Anne Thompson has been a contemporary dancer, choreographer, tertiary level teacher, journal editor, academic, reviewer of dance with RealTime, dramaturg and director, primarily in visual and physical theatre with independent artists and small companies (Terrapin, Snuff Puppets, My Darling Patricia). She was a founding member of Dance Works and one of the founding editors of Writings On Dance. She has had an ongoing dramaturgical relationship with Garry Stewart and Daniel Jaber of Australian Dance Theatre as a dramaturg. In 2001 she co-founded the Eleventh Hour Theatre project in Melbourne with William Henderson. In 2008 they presented their version of Beckett’s End Game at the Melbourne International Festival and in 2010 their version of Shakespeare’s King John at the Adelaide Festival. Both were award-winners. In 2008 Thompson was appointed Director of the Drama Centre at Flinders University where she teaches directing in the program.
Anne writes: I love teaching. I like workshopping physical experiences and ideas with people. I like seeing how ideas and experiences sit with people and what they make them do. I have always found ideas and physical experiences liberating. Both can lead me to fresh thinking and a sense of rightness with myself and the world. I don’t dance much anymore but it still makes me happy when I do. I like being this age. I’ve done a lot of things in the performing arts and I am so much more relaxed doing any of them now. I’ve always pursued the experimental—the experiment of performance. I like examining performance and throwing caution to the wind. When I realised at 19 it was possible to interrogate performance I was excited. It made me realise it was possible to interrogate the performance in, and of, one’s life, though that realisation wasn’t so conscious at the time. I’ve never lost that. I have had so much fun interrogating performance with other people.
I like writing about dance/performance because it makes me keep considering what artists are attempting and doing. I like to be respectful of that enterprise. I know as an artist and teacher it can be incredibly powerful to give people a way of describing experience. It can settle disquiet and liberate possibilities. When I review I like to honour the work artists do, attempt to describe that work and the action of that work on me. I am very committed to presenting the largest possible picture of what art can be and how it is occurring. I have always loved RealTime for presenting that. I started wanting to write about women and performance because I have many close, great relationships with women working in the field, many of whom are a lot younger than me. Graduates from the course in which I teach would ring me up and need to debrief about something that had happened to them. I wanted them to understand that what was happening was part of a bigger conversation so I set up a number of support groups where women working in performance could meet and talk and then I thought ‘why not make the conversation national?’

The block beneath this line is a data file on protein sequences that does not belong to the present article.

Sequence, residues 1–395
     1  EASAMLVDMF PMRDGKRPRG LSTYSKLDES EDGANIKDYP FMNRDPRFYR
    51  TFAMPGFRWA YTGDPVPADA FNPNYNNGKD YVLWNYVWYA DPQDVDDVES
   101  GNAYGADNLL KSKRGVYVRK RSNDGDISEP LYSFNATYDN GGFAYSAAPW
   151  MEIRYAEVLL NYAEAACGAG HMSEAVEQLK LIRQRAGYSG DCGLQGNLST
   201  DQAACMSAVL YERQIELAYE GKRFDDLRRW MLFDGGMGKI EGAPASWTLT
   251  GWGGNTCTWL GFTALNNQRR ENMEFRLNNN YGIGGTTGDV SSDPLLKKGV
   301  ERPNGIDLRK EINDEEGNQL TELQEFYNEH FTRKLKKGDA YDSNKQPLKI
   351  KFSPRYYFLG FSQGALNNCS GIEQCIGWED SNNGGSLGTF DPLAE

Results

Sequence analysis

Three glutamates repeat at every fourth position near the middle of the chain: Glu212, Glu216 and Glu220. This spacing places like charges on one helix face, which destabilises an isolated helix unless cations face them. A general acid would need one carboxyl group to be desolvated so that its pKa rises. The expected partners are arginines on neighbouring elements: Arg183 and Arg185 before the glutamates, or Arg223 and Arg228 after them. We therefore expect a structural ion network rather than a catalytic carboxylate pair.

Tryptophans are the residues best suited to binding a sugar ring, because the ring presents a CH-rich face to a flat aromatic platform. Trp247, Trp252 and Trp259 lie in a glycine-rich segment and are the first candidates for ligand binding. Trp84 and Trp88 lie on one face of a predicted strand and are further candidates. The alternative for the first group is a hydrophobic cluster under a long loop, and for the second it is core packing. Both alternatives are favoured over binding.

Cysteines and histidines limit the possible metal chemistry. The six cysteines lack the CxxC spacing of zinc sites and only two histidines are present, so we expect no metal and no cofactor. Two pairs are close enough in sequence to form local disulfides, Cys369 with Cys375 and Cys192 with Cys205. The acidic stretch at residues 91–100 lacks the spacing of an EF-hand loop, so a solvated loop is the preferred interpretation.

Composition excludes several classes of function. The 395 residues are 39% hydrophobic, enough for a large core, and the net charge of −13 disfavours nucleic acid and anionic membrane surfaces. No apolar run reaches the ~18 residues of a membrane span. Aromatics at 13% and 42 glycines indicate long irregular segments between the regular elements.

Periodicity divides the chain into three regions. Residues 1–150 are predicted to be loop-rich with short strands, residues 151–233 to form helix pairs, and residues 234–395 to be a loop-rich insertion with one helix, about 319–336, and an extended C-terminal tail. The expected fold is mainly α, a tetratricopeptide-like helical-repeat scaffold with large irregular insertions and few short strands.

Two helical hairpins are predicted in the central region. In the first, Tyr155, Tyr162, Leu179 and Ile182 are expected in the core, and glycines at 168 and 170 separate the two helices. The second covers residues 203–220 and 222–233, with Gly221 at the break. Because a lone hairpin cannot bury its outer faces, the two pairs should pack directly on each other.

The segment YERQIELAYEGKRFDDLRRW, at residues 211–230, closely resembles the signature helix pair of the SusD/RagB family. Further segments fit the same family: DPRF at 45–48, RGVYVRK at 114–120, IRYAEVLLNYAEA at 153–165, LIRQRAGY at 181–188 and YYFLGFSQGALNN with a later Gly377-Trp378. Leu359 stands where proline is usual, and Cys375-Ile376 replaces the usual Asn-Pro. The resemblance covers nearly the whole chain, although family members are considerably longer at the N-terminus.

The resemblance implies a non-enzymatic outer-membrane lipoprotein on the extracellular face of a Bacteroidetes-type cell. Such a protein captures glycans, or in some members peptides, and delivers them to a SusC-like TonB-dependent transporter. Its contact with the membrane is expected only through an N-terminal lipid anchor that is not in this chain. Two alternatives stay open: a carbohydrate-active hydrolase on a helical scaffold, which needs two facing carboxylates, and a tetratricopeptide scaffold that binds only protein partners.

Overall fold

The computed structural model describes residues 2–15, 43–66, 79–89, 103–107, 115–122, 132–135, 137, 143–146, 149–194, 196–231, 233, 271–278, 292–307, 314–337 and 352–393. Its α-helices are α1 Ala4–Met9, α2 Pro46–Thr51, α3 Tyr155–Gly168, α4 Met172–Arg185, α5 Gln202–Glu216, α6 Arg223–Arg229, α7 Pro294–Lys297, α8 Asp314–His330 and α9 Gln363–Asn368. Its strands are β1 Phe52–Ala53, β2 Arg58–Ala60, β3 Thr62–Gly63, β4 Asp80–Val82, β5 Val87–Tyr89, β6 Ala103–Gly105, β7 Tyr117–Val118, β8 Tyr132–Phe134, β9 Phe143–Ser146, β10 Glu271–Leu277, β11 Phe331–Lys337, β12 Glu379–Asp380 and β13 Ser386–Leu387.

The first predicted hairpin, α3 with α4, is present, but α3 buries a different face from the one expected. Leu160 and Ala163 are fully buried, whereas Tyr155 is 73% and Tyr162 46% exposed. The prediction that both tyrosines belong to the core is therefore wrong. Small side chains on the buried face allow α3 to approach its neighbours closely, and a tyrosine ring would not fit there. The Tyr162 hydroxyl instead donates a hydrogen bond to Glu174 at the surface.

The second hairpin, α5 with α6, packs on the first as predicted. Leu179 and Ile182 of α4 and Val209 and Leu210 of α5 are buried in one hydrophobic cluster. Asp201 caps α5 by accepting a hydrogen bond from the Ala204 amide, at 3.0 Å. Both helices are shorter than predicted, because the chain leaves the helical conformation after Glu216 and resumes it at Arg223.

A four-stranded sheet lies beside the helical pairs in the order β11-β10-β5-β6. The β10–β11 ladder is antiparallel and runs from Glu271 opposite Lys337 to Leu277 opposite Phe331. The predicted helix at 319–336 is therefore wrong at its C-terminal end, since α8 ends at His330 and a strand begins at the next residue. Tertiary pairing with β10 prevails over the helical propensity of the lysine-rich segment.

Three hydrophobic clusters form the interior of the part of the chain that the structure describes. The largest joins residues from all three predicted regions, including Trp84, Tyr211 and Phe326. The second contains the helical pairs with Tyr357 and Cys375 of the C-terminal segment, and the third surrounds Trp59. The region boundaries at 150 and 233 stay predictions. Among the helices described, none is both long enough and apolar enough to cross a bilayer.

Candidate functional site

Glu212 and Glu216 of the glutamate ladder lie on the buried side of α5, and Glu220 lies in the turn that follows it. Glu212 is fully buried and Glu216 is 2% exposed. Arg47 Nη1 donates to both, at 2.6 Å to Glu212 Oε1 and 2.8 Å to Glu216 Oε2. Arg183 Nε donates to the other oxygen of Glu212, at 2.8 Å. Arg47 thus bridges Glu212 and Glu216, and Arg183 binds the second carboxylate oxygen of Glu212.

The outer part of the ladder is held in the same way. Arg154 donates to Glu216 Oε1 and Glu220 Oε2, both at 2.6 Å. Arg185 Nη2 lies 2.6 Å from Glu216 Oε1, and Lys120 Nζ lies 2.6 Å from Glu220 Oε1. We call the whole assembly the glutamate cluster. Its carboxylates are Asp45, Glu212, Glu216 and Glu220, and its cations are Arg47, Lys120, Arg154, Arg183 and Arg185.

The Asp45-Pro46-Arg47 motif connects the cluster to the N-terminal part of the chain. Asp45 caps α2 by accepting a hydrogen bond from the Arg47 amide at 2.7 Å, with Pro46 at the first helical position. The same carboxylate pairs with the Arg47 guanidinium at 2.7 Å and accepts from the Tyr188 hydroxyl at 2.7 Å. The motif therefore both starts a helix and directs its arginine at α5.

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Anne is currently writing a series of articles titled Women + Performance for RealTime, with the intention of later compiling a book with other writers and RealTime on the current generation of women in Australian performing arts.
Women + Performance 1: Tessa Leong & Emma Beech
RealTime issue #115 June-July 2013 p38-39
Women + Performance 2: Anne-Louise Sarks
RealTime issue #116 Aug-Sept 2013 p6
Women + Performance 4: Kate Davis & Emma Valente, The Rabble
RealTime issue #117 Oct-Nov 2013 p28
See also her review of Leigh Warren's Not According to Plan in this e-dition
Coming up in RT118: An interview with POST prior to their 2014 Sydney Festival production for Belvoir, Oedipus Schmoedipus.
© Anne Thompson; for permission to reproduce apply to firstname.lastname@example.org